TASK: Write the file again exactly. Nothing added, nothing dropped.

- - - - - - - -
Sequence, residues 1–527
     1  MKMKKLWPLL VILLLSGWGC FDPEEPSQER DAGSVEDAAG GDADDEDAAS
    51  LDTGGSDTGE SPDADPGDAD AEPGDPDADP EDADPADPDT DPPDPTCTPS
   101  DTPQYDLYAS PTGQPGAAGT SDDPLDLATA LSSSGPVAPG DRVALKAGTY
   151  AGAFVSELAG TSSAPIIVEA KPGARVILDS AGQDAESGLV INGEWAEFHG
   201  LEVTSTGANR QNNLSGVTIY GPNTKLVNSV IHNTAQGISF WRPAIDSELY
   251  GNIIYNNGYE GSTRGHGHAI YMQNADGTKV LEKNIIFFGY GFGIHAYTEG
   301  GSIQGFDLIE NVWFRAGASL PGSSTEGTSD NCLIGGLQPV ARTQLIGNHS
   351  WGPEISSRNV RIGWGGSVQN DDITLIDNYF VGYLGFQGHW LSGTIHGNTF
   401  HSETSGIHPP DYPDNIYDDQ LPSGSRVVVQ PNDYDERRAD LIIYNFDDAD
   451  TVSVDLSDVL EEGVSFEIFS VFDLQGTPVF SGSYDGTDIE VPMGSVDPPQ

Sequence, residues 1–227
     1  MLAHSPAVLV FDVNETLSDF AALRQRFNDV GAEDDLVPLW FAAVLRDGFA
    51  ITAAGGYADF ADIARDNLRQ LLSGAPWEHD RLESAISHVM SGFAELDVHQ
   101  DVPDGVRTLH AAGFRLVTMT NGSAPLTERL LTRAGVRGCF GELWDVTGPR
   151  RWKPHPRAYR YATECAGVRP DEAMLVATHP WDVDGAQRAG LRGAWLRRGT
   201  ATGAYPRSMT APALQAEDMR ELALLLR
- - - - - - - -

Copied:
Sequence, residues 1–527
     1  MKMKKLWPLL VILLLSGWGC FDPEEPSQER DAGSVEDAAG GDADDEDAAS
    51  LDTGGSDTGE SPDADPGDAD AEPGDPDADP EDADPADPDT DPPDPTCTPS
   101  DTPQYDLYAS PTGQPGAAGT SDDPLDLATA LSSSGPVAPG DRVALKAGTY
   151  AGAFVSELAG TSSAPIIVEA KPGARVILDS AGQDAESGLV INGEWAEFHG
   201  LEVTSTGANR QNNLSGVTIY GPNTKLVNSV IHNTAQGISF WRPAIDSELY
   251  GNIIYNNGYE GSTRGHGHAI YMQNADGTKV LEKNIIFFGY GFGIHAYTEG
   301  GSIQGFDLIE NVWFRAGASL PGSSTEGTSD NCLIGGLQPV ARTQLIGNHS
   351  WGPEISSRNV RIGWGGSVQN DDITLIDNYF VGYLGFQGHW LSGTIHGNTF
   401  HSETSGIHPP DYPDNIYDDQ LPSGSRVVVQ PNDYDERRAD LIIYNFDDAD
   451  TVSVDLSDVL EEGVSFEIFS VFDLQGTPVF SGSYDGTDIE VPMGSVDPPQ

Sequence, residues 1–227
     1  MLAHSPAVLV FDVNETLSDF AALRQRFNDV GAEDDLVPLW FAAVLRDGFA
    51  ITAAGGYADF ADIARDNLRQ LLSGAPWEHD RLESAISHVM SGFAELDVHQ
   101  DVPDGVRTLH AAGFRLVTMT NGSAPLTERL LTRAGVRGCF GELWDVTGPR
   151  RWKPHPRAYR YATECAGVRP DEAMLVATHP WDVDGAQRAG LRGAWLRRGT
   201  ATGAYPRSMT APALQAEDMR ELALLLR